02 Mar 2021
I'm a 24 year old uni grad with a stable full-time job and a high risk appetite. Is it advisable for me to redeem my Singapore Savings Bonds and invest the sum in individual stocks/robos instead?
I'm currently holding 2 SSBs, both purchased quite early on and therefore yielding high(er than usual) interest rates:
1. $20k in SSB Nov 2015 - Currently 3.4% (3.83% in 10th year)
2. $10k in SSB Jan 2018 - Currently 1.71% (3.06% in 10th year)
Looking to diversify my investments/get potentially higher returns. I'm currently only invested in SYFE's Equity100 and REIT+, thinking of either using my SSB funds to beef up my robo portfolios or try trading (eg. tiger brokers). Thoughts?
Yes I think you should redeem your SSBs! Your returns have been decent so far, but the opportunity cost of you leaving your SSBs until the 10th year is quite high considering that it's a solid $30k.
Personally, I would probably beef up the Robo portfolio (more in Equity100) and also complement it with DIY investing into funds that are underweighted in Equity100. This includes small cap, APAC and emerging market ETFs.
Be careful not to confuse trading with investment - they are not the same thing. However, if you'd like to try your hand at trading, by all means, go ahead after doing your due diligence and make sure to try only with a small sum first to see if it's something for you.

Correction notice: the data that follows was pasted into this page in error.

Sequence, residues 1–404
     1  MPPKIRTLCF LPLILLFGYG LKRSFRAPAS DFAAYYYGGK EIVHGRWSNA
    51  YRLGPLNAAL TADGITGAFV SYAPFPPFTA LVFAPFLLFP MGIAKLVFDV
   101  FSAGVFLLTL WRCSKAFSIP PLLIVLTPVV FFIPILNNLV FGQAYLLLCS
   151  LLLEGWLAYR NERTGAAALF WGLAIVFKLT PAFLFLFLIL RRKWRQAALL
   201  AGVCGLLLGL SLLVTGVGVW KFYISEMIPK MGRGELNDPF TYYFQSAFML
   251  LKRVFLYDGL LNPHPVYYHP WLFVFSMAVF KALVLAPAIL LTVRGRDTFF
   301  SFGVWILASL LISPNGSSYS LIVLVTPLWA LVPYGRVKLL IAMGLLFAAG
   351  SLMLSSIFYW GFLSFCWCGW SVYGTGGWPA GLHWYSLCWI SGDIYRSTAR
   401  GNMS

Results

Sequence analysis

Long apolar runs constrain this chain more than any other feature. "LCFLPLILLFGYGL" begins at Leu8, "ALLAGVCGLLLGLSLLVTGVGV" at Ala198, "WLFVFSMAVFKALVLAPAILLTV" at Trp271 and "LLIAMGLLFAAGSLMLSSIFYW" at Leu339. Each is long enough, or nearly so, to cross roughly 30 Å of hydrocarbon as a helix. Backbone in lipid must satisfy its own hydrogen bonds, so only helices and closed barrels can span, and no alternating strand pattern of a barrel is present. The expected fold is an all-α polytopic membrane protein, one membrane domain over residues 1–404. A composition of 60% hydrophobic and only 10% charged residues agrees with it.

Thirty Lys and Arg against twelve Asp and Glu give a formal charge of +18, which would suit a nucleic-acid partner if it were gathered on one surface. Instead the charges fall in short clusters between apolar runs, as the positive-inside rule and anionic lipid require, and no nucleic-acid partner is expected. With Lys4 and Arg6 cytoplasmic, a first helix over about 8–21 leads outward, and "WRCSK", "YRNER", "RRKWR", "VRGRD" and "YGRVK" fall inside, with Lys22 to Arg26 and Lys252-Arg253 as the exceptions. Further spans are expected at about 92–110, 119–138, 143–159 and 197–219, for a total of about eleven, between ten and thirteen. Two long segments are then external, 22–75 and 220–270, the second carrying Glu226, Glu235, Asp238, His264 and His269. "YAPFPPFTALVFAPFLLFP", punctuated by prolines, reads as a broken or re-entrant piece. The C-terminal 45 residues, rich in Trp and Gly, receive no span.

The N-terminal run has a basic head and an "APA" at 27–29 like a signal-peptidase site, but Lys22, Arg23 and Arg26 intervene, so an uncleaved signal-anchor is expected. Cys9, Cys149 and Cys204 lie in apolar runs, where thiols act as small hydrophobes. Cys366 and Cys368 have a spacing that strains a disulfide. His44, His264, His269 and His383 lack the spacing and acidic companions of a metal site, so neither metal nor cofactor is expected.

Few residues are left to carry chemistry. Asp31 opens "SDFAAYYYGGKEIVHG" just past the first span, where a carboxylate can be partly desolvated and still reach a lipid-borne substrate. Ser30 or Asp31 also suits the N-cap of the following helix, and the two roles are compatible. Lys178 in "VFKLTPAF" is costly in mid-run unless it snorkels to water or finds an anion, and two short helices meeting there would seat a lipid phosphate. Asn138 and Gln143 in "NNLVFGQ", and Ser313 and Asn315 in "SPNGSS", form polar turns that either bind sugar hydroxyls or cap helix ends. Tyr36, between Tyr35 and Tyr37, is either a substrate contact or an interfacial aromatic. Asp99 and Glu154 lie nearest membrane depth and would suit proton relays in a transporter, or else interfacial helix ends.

Hope this helps & all the best!
Yeah definitely. You've laid out the considerations pretty succinctly. Some people would say, your portfolio should consist of your age in percentage of bonds. I.e., 24% of your portfolio would comprise bonds for you. Some people would say, hold (100 - your age)% of equities in your portfolios.
Ultimately these are all rules of thumb and not meant to be prescriptive. As a general guide, younger = can take on more risk. But if at 24, you have two parents depending on you, and also supporting your own nuclear family of four, with house, car, other liabilities, etc - then it's a very different scenario.
Ultimately, assess your liabilities, decide if your life situation now can afford the volatility that's commensurate with your risk appetite. (It's not just your risk appetite, it's your entire personal circumstances viewed as a whole.)
But if I were you, assuming no other liabilities, definitely yeah take everything out and invest in equities. Longer investment horizon, you can afford to take on a bit more volatility for potentially higher returns.
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